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Thai Fermented Sweet Rice Dessert, 'Khao Mahk'

Thai Fermented Sweet Rice Dessert, 'Khao Mahk'

Khao Mahk is a common, everyday Thai dessert typically consumed by adults only, as it has a touch of natural fermented alcohol. We're not distillers, but this is likely similiar to the way Mekong Whiskey is made.

This would be considered a Thai "comfort food", as it's often kept on hand for guests who might come to visit, and it's always served cold (store in the fridge until you are ready to consume). A refreshing, cool treat which is widely available from corner stores throughout Thailand. This is typically not made at home, perhaps due to the difficulty in finding the yeast balls necessary to make it. If left to ferment, the rice becomes alcohol, and home stills are not encouraged in Thailand so that may be one reason for the lack of yeast balls sold over the counter.

We were initially asked about khao mahk from a customer, and after some research we now can offer you all of the important ingredients to make your own. Just follow the detailed instructions below and follow the photographs we've taken of our cousin from Ladya, Kanchanaburi, who is well-known throughout the area as a khao mahk specialist.

Ingredients

For 4 Person(s)

Ingredients

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Method for Thai Fermented Sweet Rice Dessert, 'Khao Mahk'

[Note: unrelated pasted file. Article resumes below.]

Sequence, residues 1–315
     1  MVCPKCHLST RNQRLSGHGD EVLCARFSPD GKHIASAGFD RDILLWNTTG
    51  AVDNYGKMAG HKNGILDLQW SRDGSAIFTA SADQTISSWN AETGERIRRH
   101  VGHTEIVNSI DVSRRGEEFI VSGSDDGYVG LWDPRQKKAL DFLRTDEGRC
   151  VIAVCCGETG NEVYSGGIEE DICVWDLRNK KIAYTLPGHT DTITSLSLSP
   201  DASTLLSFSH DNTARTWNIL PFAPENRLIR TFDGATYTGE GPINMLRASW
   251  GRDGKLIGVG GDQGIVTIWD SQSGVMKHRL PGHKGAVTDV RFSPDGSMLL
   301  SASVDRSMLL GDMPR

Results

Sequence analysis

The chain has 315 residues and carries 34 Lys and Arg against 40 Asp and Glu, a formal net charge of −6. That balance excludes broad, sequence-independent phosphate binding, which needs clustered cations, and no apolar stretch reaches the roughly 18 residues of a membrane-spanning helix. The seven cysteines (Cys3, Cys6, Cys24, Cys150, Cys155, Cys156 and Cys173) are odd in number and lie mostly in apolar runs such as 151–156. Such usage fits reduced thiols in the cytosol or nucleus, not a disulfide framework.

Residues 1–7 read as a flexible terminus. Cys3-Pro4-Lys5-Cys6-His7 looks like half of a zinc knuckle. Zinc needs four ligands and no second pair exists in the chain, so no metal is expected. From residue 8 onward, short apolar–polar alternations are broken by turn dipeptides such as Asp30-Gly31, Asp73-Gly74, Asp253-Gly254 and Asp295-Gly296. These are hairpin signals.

Soak the uncooked sticky rice in lukewarm water for 15 minutes, then rinse the rice thoroughly several times in cold water until the water runs clear. Be sure to rinse the rice well.

Put the rice in a stacked steamer (as shown below) with lid closed, or you can use a traditional sticky rice steaming pot & basket. Steam the rice over moderate heat for 30 minutes. Be careful not to over cook, 30 minutes is enough. If you use the stacked steamer, after 15 minutes remove the lid and move the rice around gently to get it all equally steamed.

Remove from heat, and transfer the cooked rice onto a big tray or a large baking sheet. Leave to cool, completely. Rinse the rice again in cold water, gently use your hand to separate the rice from sticking to each other, then drain in colander. Make sure rice drains completely.

Place the rice in a large bowl. Add sugar and mix well, followed by yeast powder. Using your fingers, gently mix all together being careful not to break the rice. Transfer the rice mixture into completely dried containers with lids (Tupperware or other similar container). Put enough rice in the container so when you close the lid, the lid will not touch the rice or press down on the rice (see comment below!). Leave outside the refrigerator overnight 1-3 nights or until you see water come out from the rice. When water forms in the bottom of the container, your khao mahk is ready. Let ferment a bit longer for a stronger taste. Then put in the refrigerator, and serve cold.

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Step 10 Gently mix everything together  being careful not to break the rice

Step 10 Gently mix everything together being careful not to break the rice

Step 11 put the rice in airtight containers and let sit at room temperature for about 3 days

Step 11 put the rice in airtight containers and let sit at room temperature for about 3 days

Step12

Step12

Step 13

Step 13

Step 1 Soak rice 30 minutes